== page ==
One reader’s feelings on the tragic loss of her father
It reads 'accidental death' on your death certificate but to my mind, and perhaps yours too, there was nothing accidental about it. For, uncomfortably enclosed in brackets, lies the shameful word 'suicide'.
When I realised what had happened I could scarcely breathe. I couldn’t understand how, for everyone else, the world just continued as normal when you detonated such tragedy in mine. I was blown apart. What were you thinking? Where you out of your mind? How hard was living for you? Why choose death? Why? This tiny word held so much importance for me, this never knowing; so hard to accept. Dad, you left so many unanswered questions behind.
Did deciding to die take more or less courage than continuing to live?
I was tormented by horrified imaginings of your final thoughts, your final moment. All alone. Full of guilt because I couldn’t stop you. I just couldn’t save your life. In blaming myself I became imprisoned by your act of freedom. Full of pain and anguish, hopelessness and fear, I tortured myself with doubt. Believing I wasn’t good enough; that you would never have left if you truly loved me. Later, seething with anger and self hatred, I raged a war over you. Consumed with loss I hated all the Dads in the world and each and every unabandoned daughter. If the world was too painful for you Dad, did it have to be too painful for me too? Am I allowed to be happy when you must have been so sad? More afraid of love than loss, the child in me chose not to cry. For more than twenty years.
I chose a lifesaving profession because in my inability to save you Dad, I needed to save someone. I had plenty of rescuing relationships in desperate attempts to be good enough for love instead of only good for leaving. I was scared when I reached your ultimate age of thirty-eight. Was ability to commit suicide your legacy, I wondered? It was an emotional time but no; it’s not for me and not for my children. Not in this moment now anyway. Although I know the next moment may feel completely different. Is that how it was for you, Dad? Did you forget to remember that the routine of life goes up and down? That some times are good and some times are sad? That some days you might want to die but did you truly want to be gone forever?
Even in death you still are and will always be my Dad; despite me feeling rejected and abandoned by you and rejecting you in return. My Dad, even though you chose not to be with me. You chose not to be with anyone, not even yourself. Is that how it was, Dad? It doesn’t mean your life and death was meaningless and just like a father who might have been by my side, loving and supportive, I am who I am because of what you chose to do, what you did and who you were.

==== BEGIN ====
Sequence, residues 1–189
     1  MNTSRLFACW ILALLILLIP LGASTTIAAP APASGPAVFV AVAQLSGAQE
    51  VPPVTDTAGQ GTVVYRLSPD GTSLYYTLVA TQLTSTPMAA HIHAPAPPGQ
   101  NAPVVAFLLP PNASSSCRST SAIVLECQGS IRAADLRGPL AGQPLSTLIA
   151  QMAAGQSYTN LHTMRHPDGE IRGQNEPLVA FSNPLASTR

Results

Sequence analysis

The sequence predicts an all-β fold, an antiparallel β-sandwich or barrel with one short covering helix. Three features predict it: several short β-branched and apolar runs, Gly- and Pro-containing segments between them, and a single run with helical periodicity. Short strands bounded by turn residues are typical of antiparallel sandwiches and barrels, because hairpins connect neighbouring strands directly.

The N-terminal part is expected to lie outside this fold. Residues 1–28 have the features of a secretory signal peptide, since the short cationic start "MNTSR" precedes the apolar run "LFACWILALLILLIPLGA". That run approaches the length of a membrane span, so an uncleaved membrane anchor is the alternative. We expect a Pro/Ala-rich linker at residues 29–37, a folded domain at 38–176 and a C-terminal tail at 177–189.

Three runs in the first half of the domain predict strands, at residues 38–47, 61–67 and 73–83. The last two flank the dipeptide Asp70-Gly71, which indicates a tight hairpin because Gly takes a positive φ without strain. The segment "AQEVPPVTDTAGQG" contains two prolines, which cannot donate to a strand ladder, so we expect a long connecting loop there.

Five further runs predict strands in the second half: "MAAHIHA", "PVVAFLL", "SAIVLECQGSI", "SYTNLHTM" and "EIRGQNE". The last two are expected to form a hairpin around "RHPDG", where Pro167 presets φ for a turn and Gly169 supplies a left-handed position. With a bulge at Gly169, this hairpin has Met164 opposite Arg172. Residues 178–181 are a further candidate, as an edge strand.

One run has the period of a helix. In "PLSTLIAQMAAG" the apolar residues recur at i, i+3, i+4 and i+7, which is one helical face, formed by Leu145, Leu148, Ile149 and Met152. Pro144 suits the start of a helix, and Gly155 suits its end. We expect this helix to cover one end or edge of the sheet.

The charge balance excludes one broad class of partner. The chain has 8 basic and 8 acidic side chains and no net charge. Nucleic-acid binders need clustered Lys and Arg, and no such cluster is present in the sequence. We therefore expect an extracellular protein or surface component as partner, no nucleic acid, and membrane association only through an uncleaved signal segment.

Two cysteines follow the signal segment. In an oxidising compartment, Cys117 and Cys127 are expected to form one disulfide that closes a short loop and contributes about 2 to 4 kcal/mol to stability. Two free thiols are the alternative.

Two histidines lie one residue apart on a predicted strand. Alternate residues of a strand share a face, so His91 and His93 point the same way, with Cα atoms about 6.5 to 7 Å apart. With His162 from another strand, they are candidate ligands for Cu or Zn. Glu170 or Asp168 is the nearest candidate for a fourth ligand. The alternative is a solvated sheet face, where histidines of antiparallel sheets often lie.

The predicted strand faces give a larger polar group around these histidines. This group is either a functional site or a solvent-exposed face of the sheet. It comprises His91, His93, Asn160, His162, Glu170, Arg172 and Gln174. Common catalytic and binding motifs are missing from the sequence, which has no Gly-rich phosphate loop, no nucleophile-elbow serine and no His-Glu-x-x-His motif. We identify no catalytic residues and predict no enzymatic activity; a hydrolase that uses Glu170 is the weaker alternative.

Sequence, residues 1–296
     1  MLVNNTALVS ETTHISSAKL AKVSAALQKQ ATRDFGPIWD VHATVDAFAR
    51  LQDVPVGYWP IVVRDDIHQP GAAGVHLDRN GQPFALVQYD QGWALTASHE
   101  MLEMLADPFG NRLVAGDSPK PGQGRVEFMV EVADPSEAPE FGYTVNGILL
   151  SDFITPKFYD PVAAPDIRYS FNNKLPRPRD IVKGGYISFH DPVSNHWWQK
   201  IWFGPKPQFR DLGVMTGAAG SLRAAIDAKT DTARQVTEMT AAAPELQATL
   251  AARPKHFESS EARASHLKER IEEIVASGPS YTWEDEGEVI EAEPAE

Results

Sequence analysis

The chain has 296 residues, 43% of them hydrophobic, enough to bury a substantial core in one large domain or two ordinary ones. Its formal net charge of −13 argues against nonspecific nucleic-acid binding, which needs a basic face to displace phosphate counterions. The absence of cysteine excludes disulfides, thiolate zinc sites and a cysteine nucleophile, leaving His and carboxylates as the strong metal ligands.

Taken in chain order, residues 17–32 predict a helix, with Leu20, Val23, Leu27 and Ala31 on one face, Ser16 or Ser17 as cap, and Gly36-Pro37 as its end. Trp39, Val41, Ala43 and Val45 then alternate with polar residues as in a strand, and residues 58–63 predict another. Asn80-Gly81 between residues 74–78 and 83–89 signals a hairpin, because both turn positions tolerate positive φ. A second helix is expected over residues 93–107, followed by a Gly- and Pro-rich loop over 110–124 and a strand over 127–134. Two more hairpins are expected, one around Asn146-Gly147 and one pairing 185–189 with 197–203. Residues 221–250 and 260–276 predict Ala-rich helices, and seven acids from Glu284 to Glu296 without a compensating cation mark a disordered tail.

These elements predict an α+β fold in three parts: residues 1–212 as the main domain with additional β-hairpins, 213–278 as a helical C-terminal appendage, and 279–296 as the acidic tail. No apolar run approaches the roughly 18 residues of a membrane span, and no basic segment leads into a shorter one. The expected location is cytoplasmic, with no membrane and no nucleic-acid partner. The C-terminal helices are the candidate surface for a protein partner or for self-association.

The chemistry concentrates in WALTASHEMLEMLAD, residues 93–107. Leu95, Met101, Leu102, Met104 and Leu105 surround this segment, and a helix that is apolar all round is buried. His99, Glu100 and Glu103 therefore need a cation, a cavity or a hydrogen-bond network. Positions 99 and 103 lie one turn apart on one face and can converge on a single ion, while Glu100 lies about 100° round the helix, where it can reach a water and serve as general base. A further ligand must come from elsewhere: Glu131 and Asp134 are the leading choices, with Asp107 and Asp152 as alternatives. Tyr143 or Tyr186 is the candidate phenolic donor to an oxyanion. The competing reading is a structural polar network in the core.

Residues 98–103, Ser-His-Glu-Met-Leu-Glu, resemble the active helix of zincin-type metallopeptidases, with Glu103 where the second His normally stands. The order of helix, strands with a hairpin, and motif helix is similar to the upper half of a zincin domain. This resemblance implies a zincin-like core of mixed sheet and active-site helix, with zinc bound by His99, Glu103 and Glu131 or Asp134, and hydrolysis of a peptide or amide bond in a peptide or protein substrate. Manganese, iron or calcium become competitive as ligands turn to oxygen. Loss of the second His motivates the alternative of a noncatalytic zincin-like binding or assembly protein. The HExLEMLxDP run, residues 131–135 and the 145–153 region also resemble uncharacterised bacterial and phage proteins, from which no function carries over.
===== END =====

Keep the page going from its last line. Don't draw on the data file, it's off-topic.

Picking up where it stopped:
Today I give thanks for what you gave me. The lessons learned from your life choice, the path you chose to take - to help me on this journey of mine. Your death planted a treasured seed of curiosity in me for I forever find wonder in the ‘why’ of things. I took many years to realise the gift you gave me. That your choice was never about me. For I am not the centre of any universe, least of all mine and nor is anyone else. No matter what they think. In choosing what was right for you Dad, you set me free to choose what is right for me. No longer bound by what I should and could or ought to do. No more blame or self sacrifice or wallowing in trauma from the past. I forgive you Dad. What happened was no reflection of me and has no relevance to me apart from how I choose to respond.
I have developed great courage, strength and resilience and today when moments arise where I feel abandoned, insecure or rejected I try to remember this is not connected to now or even to me. It’s simply a whisper from the past bringing deeper understanding and more time for letting go.
I forgive myself and in forgiveness and acceptance, coming and going, in tiny little steps, I slowly learn the wonder of an open heart. A heart free from fear, free from punishment, free from pain. In this single moment now I choose to let my fear go. Dad, you offered me the firm foundation to begin my flights of freedom. To choose love. To find happiness. To discover joy.
For me, freedom comes from letting go of the need for someone else to prove I am loved and accepted. To truly know myself that I am worthy of love. Just like everybody else. Only when I begin to be kind, supportive, to love and to nurture myself will I find real happiness. No one else can do that for me. Much as I resist, it has to come from me. Joy comes from the freedom of accepting life just as it is. In this moment now. Resistance truly is futile. Nothing needs to be different as this is how it is. Peace and tranquility is here. In me. In the stillness and the silence. Always. It’s right here in every single one of us. As best I can, I choose love.
Peace and joy for you, Dad.
Your loving daughter.